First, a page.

The House passed the VA Accountability Act of 2015 (H.R. 1994) Wednesday, on a vote of 256 to 170. The bill would give the Veterans Affairs Department the power to remove or demote a VA employee based on misconduct or their performance.
The White House issued a statement earlier in the week, saying President Barack Obama would veto the current bill if it came to his desk.
“The bill compiles a number of separate personnel policy bills aimed solely at the Department of Veterans Affairs’ (VA) workforce, creating a disparity in the treatment of one group of career civil servants,” the statement said. “The centerpiece of the bill is a provision that allows a VA employee to be removed from Federal service or demoted without the opportunity to appeal that decision to the full Merit Systems Protection Board. An employee who has been removed or demoted under this provision is instead subject to an abbreviated review process before an administrative law judge that may in some cases deprive employees of any appellate review whatsoever. These provisions remove important rights, protections, and incentives which are available to the vast majority of Federal employees in other agencies across the Government and are essential to ensure that Federal employees are afforded due process.”
Under the legislation, the VA would be able to remove or demote an individual by reducing their grade or annual pay rate. An employee would have seven days to make an appeal to the MSPB in the case of a removal or demotion. An administrative judge will have 45 days to make a final decision on such an appeal. The VA won’t be able to remove or demote an employee without approval of the Special Counsel if that employee seeks a corrective action from the Office of Special Counsel if the removal or demotion is based on an alleged prohibited personnel practice.
“Other provisions of the bill, such as those that would mandate rotation of VA Senior Executive employees every five years or impose arbitrary restrictions on performance ratings provided to VA Senior Executives, would also be disruptive and would hinder VA’s ability to function effectively on behalf of veterans,” the White House said.
The bill directs the Government Accountability Office to study the amount of time VA employees spend on labor organizing activities and how much of the department’s space they use in these activities.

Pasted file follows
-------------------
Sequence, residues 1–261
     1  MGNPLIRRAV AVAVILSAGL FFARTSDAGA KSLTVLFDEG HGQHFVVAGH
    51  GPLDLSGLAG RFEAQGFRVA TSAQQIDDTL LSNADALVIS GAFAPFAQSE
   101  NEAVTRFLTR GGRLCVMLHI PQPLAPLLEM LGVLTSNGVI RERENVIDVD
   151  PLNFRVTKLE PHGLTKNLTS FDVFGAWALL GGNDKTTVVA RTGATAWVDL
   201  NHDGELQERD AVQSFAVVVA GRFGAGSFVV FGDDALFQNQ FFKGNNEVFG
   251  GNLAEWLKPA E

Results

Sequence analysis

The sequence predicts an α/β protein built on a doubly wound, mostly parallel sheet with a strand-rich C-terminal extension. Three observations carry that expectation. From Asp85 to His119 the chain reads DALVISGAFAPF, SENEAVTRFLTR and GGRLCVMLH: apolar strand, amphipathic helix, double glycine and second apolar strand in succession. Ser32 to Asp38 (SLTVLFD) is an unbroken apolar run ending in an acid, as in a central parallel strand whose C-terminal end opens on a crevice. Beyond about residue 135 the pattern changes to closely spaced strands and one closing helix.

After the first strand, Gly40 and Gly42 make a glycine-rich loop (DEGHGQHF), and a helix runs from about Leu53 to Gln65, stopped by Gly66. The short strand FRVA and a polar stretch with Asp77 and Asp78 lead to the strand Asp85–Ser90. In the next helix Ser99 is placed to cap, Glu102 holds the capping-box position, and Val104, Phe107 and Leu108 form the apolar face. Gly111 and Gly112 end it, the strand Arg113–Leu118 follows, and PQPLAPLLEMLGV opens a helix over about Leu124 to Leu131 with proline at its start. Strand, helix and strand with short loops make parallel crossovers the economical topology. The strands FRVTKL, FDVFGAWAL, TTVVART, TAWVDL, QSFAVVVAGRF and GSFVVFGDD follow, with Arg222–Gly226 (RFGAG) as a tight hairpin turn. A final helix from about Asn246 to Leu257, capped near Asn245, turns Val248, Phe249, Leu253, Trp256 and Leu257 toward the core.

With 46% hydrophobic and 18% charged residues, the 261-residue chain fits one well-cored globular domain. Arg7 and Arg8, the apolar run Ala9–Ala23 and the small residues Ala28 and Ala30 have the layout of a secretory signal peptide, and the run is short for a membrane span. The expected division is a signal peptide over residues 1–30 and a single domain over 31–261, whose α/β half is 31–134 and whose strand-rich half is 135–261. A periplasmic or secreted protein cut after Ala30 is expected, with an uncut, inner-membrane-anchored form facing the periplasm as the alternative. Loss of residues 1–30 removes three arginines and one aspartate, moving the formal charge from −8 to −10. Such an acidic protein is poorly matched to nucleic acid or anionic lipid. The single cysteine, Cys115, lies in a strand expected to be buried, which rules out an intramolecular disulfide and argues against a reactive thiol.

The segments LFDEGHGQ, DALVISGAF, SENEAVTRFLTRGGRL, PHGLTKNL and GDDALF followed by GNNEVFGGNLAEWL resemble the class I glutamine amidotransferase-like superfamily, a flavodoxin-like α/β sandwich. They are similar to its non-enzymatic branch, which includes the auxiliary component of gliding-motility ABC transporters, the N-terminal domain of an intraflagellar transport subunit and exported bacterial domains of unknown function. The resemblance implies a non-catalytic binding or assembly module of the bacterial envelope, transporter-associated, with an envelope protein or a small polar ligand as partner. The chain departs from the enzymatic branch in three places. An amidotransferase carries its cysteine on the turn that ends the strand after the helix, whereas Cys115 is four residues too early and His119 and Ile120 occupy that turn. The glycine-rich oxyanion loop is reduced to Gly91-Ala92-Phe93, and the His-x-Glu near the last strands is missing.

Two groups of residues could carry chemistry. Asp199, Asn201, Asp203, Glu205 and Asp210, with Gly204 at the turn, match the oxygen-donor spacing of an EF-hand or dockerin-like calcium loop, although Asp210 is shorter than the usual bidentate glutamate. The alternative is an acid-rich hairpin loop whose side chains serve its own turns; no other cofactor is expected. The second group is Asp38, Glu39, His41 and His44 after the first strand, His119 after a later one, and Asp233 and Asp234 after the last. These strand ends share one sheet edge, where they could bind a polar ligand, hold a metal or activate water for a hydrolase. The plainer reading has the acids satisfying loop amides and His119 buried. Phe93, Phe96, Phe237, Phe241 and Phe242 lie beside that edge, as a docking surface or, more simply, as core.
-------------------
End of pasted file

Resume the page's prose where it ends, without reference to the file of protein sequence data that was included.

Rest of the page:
“HR 1994 represents a series of unnecessary legislative ‘fixes’ to a system that already provides the VA and every other federal agency the power to fully address performance and conduct problems in its workforce,” the Senior Executives Association said, in a statement. “The system that exists today is fair and reasonable, but may not be used to its greatest potential. Congress should not pass another mean spirited piece of legislation designed to promote more anti-public worker sentiment and further demoralize the federal workforce.”
The SEA also opposed mandatory reassignment for SES members once every five years, saying that it was an arbitrary requirement that would cost taxpayers millions in relocation costs.
“Decisions to reassign individual senior executives should be made for good business reasons, not to satisfy a requirement which constitutes Congress’ concept of how a particular executive branch department should be managed,” said SEA President Carol Bonosaro.
Beth Moten, the legislative and political director of the American Federal of Government Employees, sent a letter to members of Congress outlining her union’s objections to H.R. 1994, including the chilling effect it would create for federal whistleblowers.
“Under H.R. 1994, every whistleblower, along with every other VA employee, would become at-will employees,” Moten wrote. “Without due process rights no VA employee who wishes to keep his or her job will ever feel safe blowing the whistle in the workplace or at the Congressional witness table.”
The bill now moves onto the Senate for consideration.